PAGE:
Should we apply some logical sense, some news judgment, and give the Boston story just a little less spotlight? After all, it is not so crazy to see the weeks of coverage as a win for the bombers.
The benefits of the Chinese dream should be felt by people from other countries.
All in all, let’s be honest, the governments are not talking about installing cameras in your bedroom.
And the awakening of gender identity since then has created a colorful country as well as inequalities in education and job opportunities.
I don’t think it is the job of the media to lavishly praise the public, especially when they are just doing what is right.
Caring about the lives of people in other countries should be the core of Chinese values.
There are numerous examples in the world which have proved that democracy and rule of law do not move forward simultaneously at times.
Unfairness does exist, such as the lower scores required by students taking the exams in municipalities like Beijing and Shanghai, and the hukou (household registration) restrictions that force mobile workers’ children to go back to their hometowns to take the exams.
No matter what these forces are, as long as they don't hold an anti-China position, China should keep a friendly attitude, take a neutral stance, and ask for more communication.
No matter how much we’d like to think our animal protection efforts are guided by sincere humane and egalitarian beliefs, they still often reflect the inequality of the ecosystem where humans are the decision-makers.
These voters are relatively rich, and are more willing to live in a society that operates according to "common practice," though such practice is different from textbook democracy and good governance.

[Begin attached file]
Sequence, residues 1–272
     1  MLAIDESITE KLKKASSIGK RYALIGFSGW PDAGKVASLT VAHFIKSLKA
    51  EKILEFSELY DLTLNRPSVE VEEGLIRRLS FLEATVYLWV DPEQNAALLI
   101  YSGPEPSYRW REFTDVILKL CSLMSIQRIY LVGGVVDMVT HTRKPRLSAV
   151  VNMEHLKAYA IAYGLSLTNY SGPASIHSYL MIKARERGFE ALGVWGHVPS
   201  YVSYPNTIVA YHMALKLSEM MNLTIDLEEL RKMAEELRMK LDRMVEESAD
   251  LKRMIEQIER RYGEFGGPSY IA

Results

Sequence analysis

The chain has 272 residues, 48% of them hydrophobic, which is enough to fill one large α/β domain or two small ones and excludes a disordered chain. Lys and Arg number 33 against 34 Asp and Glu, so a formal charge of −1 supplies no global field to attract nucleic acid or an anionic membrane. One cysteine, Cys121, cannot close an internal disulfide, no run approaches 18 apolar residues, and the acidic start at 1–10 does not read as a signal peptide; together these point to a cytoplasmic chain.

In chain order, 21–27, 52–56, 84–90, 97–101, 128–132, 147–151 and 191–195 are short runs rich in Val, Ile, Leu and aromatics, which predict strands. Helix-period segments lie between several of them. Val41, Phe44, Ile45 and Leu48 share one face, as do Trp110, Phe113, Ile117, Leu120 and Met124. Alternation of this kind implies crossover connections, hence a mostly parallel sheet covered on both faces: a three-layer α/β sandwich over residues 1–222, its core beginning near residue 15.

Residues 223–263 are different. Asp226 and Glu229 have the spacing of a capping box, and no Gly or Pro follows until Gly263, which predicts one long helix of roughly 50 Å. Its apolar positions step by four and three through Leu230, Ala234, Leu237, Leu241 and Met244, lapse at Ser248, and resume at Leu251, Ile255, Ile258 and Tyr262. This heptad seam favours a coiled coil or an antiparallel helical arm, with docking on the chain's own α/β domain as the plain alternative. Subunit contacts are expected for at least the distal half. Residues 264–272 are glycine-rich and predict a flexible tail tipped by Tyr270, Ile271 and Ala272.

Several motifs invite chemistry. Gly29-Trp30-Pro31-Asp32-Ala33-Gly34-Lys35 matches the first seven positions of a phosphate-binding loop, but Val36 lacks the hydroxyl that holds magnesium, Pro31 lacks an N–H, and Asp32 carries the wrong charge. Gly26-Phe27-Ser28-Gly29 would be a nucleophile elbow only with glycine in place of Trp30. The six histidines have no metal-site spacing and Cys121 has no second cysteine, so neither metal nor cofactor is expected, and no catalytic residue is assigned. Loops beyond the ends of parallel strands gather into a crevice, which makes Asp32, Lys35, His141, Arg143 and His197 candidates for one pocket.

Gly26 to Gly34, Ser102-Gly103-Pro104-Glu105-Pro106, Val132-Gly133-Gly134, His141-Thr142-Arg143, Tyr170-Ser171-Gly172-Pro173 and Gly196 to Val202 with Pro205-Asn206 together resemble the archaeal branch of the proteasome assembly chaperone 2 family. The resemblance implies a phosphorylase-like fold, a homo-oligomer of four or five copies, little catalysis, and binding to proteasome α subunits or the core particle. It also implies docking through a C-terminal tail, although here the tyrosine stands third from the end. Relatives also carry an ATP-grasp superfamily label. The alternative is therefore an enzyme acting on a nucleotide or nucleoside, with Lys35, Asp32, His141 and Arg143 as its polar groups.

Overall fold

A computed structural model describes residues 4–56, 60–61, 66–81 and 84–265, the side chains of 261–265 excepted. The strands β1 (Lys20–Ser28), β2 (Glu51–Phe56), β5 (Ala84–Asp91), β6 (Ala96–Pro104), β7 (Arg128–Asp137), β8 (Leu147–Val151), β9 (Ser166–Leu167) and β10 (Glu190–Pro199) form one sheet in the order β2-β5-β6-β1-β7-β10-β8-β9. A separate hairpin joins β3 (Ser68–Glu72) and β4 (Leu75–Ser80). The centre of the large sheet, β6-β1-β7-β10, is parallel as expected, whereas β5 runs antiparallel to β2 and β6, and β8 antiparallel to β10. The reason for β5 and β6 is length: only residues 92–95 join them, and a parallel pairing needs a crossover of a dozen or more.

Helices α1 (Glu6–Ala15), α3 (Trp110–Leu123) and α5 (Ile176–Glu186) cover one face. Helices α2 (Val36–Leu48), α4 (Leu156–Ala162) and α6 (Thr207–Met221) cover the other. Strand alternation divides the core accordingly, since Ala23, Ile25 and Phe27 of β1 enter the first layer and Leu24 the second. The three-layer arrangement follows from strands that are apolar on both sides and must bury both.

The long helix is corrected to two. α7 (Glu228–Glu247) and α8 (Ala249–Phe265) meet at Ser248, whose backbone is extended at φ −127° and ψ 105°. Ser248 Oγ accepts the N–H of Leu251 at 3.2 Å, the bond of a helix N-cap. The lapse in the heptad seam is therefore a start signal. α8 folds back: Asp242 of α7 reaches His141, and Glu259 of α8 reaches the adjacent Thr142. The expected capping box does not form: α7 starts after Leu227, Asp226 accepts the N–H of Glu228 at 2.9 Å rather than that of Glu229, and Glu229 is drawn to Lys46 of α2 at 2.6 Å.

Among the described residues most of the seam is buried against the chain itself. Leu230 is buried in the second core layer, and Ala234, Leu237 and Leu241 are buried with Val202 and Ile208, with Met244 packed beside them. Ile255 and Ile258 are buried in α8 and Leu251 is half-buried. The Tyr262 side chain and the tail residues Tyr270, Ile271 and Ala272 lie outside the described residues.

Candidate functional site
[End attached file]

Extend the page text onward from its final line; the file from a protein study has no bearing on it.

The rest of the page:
As one toy maker from Ningbo, Zhejiang province, told me, upgrading machines is a hard decision because it costs money and drags down profits. But in the long run, it’s the only way for the company to have a future。
What really matters is whether its people's behavior is in line with international common practices.
Music is different. It is a language without boundaries. But it’s not easy for the music from one culture to be engaging enough to reach and then appeal to foreign ears that were not seeking it out.
What Washington urgently needs is a system of trade rules that can balance and even guide ASEAN Plus Three.
There is a fine line between us and them everywhere in the world. If we could think across that line, the world would be a better place. But as far as I can see, we are still far from it now.
The biggest challenge of Myanmar’s infant modernization process is not the speed but whether Myanmar can resist any enticement.
What Southeast Asians expect most is to develop their own basic industries through Chinese investment and help.